What does it mean to be compatible with MySQL? First, I think it is important to clarify that MySQL is a moving target, as newer versions are released, new features will be added, and existing features may change slightly. In some specific cases, features may also be removed. For example, in MySQL 8.0, weaker crypto functions like ENCODE/DECODE were removed and this has been previously deprecated.
In TiDB’s case, MySQL compatibility means MySQL 5.7, and this is true for both the network protocol and raw SQL syntax. That means that you can connect to TiDB using a MySQL driver (like JDBC, PHP, Python) and your application sees only MySQL. Most of the queries that your application(s) run will also continue to work without requiring any code changes.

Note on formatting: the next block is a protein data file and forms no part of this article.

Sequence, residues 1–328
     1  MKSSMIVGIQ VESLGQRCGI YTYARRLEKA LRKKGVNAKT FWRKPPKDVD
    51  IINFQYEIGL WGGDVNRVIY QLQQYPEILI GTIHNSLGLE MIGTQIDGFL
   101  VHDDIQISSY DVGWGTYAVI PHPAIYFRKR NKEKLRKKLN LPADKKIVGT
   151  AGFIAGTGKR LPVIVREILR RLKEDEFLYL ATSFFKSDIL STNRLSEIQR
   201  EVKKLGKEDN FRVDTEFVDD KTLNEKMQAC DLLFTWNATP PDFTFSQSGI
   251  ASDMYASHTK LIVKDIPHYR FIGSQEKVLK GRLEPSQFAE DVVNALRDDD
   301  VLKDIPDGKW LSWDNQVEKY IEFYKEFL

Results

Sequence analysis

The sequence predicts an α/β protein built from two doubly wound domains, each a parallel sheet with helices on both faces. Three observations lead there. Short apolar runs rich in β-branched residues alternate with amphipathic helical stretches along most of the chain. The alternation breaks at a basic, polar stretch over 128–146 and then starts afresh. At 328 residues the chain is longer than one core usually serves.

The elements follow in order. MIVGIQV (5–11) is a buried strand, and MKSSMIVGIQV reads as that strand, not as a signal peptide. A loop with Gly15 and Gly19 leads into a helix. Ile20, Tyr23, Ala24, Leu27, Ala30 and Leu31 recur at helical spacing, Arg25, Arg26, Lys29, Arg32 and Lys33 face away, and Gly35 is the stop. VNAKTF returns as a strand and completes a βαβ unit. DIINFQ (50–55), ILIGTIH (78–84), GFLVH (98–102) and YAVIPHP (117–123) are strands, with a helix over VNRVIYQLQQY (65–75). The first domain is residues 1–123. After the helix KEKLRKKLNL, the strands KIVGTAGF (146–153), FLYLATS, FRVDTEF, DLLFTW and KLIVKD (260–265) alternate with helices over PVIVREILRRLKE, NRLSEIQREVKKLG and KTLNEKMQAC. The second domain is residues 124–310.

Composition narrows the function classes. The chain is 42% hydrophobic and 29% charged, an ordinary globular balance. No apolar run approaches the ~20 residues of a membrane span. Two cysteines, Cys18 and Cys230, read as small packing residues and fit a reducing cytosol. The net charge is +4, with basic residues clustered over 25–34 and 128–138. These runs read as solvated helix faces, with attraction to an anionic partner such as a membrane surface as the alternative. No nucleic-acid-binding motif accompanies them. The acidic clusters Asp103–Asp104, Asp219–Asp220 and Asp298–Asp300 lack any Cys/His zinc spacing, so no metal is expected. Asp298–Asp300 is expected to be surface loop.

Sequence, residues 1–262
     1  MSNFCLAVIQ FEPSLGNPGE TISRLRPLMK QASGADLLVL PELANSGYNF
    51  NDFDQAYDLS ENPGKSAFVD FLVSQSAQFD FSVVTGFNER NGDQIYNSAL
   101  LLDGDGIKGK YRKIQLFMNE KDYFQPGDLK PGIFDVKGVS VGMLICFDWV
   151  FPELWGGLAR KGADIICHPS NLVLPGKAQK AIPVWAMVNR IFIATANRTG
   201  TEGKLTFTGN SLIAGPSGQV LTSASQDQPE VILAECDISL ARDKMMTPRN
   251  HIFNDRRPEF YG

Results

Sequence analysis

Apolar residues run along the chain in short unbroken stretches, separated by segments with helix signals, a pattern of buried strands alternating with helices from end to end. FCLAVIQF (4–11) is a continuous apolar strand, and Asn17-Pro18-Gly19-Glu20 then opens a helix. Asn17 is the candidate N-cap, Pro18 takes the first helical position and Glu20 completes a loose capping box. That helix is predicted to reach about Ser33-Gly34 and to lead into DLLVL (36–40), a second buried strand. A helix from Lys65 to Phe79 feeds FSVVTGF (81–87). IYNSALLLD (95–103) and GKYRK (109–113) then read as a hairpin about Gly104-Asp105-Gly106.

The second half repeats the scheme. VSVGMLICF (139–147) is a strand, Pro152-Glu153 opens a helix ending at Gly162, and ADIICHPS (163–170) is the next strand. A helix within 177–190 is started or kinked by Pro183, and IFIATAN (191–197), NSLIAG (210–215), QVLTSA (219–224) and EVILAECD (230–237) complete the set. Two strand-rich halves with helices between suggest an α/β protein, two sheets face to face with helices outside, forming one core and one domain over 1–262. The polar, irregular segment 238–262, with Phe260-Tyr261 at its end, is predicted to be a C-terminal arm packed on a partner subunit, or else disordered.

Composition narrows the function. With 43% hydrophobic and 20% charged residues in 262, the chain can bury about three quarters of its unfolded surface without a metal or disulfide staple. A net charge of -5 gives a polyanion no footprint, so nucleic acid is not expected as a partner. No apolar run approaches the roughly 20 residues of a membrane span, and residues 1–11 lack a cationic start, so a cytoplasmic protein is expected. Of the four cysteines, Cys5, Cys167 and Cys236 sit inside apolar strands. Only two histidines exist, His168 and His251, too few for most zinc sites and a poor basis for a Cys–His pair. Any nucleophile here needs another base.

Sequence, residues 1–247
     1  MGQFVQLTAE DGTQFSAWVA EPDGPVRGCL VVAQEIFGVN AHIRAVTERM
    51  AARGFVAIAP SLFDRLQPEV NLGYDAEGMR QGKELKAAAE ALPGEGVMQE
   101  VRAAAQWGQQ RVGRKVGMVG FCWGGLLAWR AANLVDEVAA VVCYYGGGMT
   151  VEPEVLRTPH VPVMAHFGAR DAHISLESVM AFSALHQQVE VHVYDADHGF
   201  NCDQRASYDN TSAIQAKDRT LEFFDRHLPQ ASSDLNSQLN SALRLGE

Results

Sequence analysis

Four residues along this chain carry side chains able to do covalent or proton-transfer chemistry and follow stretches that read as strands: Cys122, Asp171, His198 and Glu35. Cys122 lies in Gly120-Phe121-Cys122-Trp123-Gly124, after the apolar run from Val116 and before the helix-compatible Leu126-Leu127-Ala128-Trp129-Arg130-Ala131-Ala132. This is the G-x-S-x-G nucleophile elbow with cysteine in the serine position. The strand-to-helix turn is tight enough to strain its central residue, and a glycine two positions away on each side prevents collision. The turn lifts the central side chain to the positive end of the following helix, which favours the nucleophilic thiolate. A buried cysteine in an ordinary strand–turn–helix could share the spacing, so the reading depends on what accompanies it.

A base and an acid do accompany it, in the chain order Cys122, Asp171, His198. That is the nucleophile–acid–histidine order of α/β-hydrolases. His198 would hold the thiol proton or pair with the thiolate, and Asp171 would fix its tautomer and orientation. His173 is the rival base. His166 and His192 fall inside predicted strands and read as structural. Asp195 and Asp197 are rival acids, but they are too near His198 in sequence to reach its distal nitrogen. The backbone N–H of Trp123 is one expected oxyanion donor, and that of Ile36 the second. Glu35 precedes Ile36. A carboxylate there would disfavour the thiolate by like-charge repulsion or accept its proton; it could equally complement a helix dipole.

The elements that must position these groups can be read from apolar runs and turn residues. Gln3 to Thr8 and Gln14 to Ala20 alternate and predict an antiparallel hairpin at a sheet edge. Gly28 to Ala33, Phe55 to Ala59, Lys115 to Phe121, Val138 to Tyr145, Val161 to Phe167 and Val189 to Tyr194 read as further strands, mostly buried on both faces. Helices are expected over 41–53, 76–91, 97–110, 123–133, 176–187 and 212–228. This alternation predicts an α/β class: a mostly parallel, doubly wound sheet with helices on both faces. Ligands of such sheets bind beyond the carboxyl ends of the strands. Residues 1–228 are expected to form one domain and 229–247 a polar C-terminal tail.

But there are exceptions, starting with MySQL 5.7 functionality not supported by TiDB. Let’s take a look at the list:
If the lack of one of these features impacts your usage of TiDB, I recommend reading the roadmap to find features which are planned to be added.
In the next video, let’s go through a case rather than a feature being missing from TiDB, which behaves differently.